“See, the former things have come to pass, and new things I now declare; before they spring forth, I tell you of them.” – Isaiah 42:9

My last column on “Innovation and Economic Growth” stimulated some interesting thoughts which resulted in many responses. I shall share them with you in this week’s column.

(1) “Good stuff! Let me say: I believe Godpreneurs are a major part of the growth of a country’s Innovation and GNP. Here is why? Innovation and wealth creation are birthed from ideas. Ideas come from nothing. Only God can create from nothing. Therefore all ideas come from God. Godpreneurs, who are driven to answer real human needs not simply the bottom-line, seek God for the answers. God gives the ideas which solve the human need. Some call the ideas hunches. The Godpreneurs call them revelations. Something to think about!”

I replied: “I like the Godpreneur concept and advised that I have augmented the Shepherding concept from life coaching and business mentoring to include Theo-economics and community service.”

(2) “Interesting article. I read somewhere that, yes, small businesses create more jobs; however isn’t’ it the case that small businesses also shed more jobs, so that the net effect is that small businesses create a loss in employment when we look at the numbers on an annual basis?”

I replied: ” You may be right. There is therefore greater justification for the Shepherding process which mitigates the risk of business failure.”

(3) “I sincerely hope that we may have opportunity in the future to debate in more depth, and at more leisure, the top-down/bottom-up models of economic drivers. I sincerely believe that there is room for both models as part of a dynamic economic ecosystem as both need an availability drive demand.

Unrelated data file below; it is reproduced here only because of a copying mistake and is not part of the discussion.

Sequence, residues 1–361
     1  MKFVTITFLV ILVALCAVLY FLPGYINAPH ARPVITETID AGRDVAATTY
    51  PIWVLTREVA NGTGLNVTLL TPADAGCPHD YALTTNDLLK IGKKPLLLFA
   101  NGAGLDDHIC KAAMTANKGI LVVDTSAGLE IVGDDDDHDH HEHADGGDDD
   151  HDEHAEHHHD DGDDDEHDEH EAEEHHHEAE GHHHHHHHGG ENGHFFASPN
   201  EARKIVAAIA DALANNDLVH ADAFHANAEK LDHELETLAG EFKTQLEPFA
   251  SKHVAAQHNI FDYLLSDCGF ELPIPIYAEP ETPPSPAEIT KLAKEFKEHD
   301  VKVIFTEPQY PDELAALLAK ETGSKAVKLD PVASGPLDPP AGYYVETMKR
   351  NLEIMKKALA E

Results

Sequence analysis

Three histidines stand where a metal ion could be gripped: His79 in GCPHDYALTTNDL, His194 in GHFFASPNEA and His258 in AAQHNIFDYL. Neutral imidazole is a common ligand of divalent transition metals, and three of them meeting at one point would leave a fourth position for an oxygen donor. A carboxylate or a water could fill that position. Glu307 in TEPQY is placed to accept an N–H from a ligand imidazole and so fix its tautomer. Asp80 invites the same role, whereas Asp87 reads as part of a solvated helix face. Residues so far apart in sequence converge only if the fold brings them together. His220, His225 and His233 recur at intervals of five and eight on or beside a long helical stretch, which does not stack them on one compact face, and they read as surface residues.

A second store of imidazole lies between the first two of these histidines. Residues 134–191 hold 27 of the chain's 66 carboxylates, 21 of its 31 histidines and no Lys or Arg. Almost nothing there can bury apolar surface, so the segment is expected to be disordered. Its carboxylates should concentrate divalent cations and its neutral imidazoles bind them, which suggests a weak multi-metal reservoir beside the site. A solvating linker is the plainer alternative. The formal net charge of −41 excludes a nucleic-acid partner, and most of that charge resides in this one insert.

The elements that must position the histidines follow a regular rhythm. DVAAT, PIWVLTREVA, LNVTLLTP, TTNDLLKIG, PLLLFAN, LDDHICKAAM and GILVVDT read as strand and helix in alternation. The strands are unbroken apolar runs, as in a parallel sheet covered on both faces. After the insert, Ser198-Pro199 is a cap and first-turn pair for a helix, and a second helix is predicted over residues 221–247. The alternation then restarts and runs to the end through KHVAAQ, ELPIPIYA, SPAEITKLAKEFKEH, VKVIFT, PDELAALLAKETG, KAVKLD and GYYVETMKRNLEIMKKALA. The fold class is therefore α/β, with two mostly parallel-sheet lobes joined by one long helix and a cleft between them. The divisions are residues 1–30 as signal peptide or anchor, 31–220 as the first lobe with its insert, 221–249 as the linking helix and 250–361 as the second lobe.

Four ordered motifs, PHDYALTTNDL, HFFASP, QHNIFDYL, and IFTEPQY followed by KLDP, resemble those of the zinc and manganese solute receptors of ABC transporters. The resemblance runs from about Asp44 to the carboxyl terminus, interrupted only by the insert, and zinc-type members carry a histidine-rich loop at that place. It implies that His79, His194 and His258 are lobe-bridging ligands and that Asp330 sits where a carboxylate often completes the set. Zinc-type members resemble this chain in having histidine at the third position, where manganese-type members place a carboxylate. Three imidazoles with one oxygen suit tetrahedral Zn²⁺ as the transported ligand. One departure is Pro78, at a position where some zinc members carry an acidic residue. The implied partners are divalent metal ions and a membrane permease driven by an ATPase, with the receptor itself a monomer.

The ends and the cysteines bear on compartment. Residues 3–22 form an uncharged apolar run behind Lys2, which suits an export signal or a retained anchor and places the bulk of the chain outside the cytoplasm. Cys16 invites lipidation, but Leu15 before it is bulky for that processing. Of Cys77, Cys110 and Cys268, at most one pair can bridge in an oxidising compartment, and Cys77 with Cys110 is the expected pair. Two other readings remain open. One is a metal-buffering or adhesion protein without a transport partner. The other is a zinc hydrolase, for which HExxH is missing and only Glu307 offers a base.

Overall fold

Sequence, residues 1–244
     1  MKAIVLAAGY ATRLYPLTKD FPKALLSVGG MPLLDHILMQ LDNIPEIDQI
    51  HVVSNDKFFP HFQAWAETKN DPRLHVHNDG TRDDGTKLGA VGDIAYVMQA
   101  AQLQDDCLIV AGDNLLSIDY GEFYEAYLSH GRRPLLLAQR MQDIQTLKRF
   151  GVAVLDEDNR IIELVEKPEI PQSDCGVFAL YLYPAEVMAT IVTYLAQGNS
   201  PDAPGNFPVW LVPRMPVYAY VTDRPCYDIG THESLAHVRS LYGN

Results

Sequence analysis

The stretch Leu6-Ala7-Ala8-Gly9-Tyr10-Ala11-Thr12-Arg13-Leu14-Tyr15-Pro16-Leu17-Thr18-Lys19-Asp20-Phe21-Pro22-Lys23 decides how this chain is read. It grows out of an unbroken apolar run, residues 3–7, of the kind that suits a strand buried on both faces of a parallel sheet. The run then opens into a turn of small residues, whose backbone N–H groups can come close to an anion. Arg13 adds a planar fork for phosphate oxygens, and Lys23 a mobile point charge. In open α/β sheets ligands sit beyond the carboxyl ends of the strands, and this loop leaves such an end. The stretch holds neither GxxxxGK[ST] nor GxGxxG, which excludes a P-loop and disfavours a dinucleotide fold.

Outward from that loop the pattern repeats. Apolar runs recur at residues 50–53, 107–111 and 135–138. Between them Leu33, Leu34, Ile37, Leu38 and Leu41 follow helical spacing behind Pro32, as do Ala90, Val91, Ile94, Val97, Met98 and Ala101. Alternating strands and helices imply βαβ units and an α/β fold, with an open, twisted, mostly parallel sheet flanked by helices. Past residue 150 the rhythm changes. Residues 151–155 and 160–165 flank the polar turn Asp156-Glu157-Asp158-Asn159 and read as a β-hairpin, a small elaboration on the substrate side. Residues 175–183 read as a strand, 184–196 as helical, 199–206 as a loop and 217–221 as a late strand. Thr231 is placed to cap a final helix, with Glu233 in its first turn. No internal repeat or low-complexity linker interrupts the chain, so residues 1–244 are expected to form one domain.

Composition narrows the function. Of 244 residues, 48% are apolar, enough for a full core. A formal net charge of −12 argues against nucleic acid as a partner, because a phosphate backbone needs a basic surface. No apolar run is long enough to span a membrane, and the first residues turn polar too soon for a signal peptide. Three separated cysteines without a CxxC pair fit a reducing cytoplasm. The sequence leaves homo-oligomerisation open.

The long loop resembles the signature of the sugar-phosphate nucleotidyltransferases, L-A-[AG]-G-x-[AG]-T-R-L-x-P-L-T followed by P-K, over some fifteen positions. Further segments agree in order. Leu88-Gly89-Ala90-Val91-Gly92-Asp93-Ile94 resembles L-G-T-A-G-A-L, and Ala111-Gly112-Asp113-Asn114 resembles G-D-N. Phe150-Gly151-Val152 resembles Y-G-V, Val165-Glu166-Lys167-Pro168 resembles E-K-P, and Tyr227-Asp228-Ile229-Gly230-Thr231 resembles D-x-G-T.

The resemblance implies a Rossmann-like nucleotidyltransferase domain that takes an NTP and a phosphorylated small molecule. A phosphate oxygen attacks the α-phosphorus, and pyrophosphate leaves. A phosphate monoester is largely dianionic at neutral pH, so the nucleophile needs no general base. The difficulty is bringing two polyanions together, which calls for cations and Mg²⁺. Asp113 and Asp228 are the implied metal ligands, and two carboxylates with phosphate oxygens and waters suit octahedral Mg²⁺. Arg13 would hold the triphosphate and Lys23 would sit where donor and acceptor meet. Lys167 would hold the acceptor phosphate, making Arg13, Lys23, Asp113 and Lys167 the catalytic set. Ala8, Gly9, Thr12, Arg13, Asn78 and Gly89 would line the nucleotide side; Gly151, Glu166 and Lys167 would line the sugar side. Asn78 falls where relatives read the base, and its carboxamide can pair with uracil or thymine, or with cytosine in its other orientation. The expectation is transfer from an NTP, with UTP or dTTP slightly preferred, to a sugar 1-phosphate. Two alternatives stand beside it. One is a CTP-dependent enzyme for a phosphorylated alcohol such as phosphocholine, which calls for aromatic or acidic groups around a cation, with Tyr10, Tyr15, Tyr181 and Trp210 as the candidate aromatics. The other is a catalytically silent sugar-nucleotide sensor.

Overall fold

“For instance Basil’s excellent analogy of the cruise ship is clearly correct as an example of a top-down, demand-driven model, significantly driving the activities of the cafes, taxi drivers, car hire etc. At the same time, the flexibility and speed with which smaller companies can innovate, without the ‘bloated management systems’ (Mike Templeman) of the larger companies, can drive economic development by making attractive products/services available to the public (through the manufacturing, marketing and distribution channels of larger partners) which they may not previously have been aware that they needed. The availability of the product (e.g. tablet computers or mobile telephones) drives the consumer wish list, and therefore economic growth.

“I appreciate that these are two very simple examples, but they suggest to me that there is indeed a half-way house, or at least some ‘part-way position’ where both models can successfully co-exist, and indeed thrive based on the dynamism of both models co-existing within the aforementioned ecosystem.

“As a final thought, I am not sure that ‘Ideas come from nothing’. My immediate response, and therefore without the due consideration that this suggestion deserves, would be to posit that ideas come from the totality of one’s own experience, education, circumstances etc., and with a hint of happen-chance (magic dust) thrown in for good measure.